A decade-long project showcases the vocal beauty of Delhi's pheriwallas, who are fighting a losing battle against the forces of globalization.
A day in Delhi is anything but routine. With a growing population of 17 million people, the Indian capital has recently emerged as an ever-shifting global hub. Yet one thing has remained constant for generations: the echoing chants of the city's pheriwhallas, or street vendors.
The recording project offers an interesting look at how sound fluctuates in urban space. The vendors' chants are affected by the density and design of the neighborhoods they're hawking in. A tight residential area, for example, is likely to create greater competition among pheriwallasselling there. Like music blaring in a small room, the chants ring off the walls of neighborhood buildings more intensely.
"A hawker in a densely populated area remains mostly stationery," Kaleka says. "They blast out their tunes, a restless competition of shouts overriding the cacophony of a deafening street." In the suburbs, on the other hand, the pheriwalla chants fade much quicker.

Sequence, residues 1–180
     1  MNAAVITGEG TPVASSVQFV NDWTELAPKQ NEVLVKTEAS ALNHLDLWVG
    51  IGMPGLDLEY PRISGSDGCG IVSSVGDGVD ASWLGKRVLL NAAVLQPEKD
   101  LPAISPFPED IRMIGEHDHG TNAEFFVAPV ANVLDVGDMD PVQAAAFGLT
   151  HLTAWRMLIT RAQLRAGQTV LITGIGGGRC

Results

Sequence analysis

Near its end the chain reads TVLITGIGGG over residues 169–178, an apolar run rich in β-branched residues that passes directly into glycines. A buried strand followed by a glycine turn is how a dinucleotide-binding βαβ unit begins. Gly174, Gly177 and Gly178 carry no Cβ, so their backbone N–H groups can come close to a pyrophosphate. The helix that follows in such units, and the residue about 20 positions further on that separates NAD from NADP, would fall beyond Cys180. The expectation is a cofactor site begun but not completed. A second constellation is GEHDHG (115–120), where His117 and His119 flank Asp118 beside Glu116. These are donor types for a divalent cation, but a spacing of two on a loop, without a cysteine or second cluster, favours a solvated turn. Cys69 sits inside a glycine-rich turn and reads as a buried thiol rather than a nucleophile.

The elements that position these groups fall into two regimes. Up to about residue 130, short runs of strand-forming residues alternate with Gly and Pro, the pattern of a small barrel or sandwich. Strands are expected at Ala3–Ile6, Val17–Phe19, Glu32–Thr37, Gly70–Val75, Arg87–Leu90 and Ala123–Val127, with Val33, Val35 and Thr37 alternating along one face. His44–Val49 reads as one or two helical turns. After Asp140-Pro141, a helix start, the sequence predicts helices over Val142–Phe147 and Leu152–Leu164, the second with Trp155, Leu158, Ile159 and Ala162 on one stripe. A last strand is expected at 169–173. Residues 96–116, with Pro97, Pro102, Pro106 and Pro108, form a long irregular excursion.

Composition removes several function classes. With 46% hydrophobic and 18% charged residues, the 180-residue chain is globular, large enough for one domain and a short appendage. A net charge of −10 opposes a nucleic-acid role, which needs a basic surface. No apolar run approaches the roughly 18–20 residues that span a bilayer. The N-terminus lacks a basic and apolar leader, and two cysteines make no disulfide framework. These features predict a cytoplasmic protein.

Kaleka's recording project aims to give Delhi's pheriwallas a new narrative. By eliminating visuals and magnifying their vocals, what's on display is how this community injects music into the neighborhoods of Delhi. Even more important, the project preserves the sounds of a community on the brink of extinction.
Since the turn of the millennium, few cities have undergone economic changes as turbulent as Delhi's. Once a nondescript hub in the north of India, Delhi has become a legitimate megacity wielding global influence. In his latest book, Capital: The Eruption of Delhi, award-winning author Rana Dasgupta credits India's economic liberalization with stirring the city's recent renaissance. Still, liberalization created tremendous stress on laborers operating on the peripheries of society. As Dasgupta explains in his book, the city's old social order, with its penchant for safeguarding the socioeconomic rights of poor working class residents, has dissolved.